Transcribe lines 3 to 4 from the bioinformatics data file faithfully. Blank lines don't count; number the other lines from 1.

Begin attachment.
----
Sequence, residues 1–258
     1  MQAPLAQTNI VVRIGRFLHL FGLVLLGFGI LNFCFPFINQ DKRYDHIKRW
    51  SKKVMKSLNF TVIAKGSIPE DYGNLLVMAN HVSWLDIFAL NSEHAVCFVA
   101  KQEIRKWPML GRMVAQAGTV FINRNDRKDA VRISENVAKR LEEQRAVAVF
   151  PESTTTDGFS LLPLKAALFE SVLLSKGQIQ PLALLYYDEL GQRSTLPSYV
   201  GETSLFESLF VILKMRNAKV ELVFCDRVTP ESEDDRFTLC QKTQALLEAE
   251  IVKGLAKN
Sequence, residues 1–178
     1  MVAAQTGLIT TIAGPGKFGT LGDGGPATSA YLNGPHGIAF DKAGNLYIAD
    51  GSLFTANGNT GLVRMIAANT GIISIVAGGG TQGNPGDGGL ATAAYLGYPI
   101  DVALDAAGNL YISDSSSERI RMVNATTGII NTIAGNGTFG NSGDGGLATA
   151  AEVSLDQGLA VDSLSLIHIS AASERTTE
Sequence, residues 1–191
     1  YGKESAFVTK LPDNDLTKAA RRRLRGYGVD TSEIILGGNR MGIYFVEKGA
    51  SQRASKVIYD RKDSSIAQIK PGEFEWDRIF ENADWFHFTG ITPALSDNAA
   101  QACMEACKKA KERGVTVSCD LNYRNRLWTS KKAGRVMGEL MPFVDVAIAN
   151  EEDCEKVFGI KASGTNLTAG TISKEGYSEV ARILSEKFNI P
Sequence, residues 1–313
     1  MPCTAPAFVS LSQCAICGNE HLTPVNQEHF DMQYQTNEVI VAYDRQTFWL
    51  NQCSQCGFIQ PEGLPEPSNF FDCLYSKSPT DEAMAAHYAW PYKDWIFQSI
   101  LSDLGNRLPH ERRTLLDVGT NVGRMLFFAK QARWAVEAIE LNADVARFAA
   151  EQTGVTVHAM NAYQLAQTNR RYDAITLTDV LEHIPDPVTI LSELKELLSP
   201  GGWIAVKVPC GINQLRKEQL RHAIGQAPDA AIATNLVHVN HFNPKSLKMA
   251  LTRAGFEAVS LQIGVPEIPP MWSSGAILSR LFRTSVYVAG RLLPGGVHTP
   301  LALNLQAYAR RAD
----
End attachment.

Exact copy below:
    51  SKKVMKSLNF TVIAKGSIPE DYGNLLVMAN HVSWLDIFAL NSEHAVCFVA
   101  KQEIRKWPML GRMVAQAGTV FINRNDRKDA VRISENVAKR LEEQRAVAVF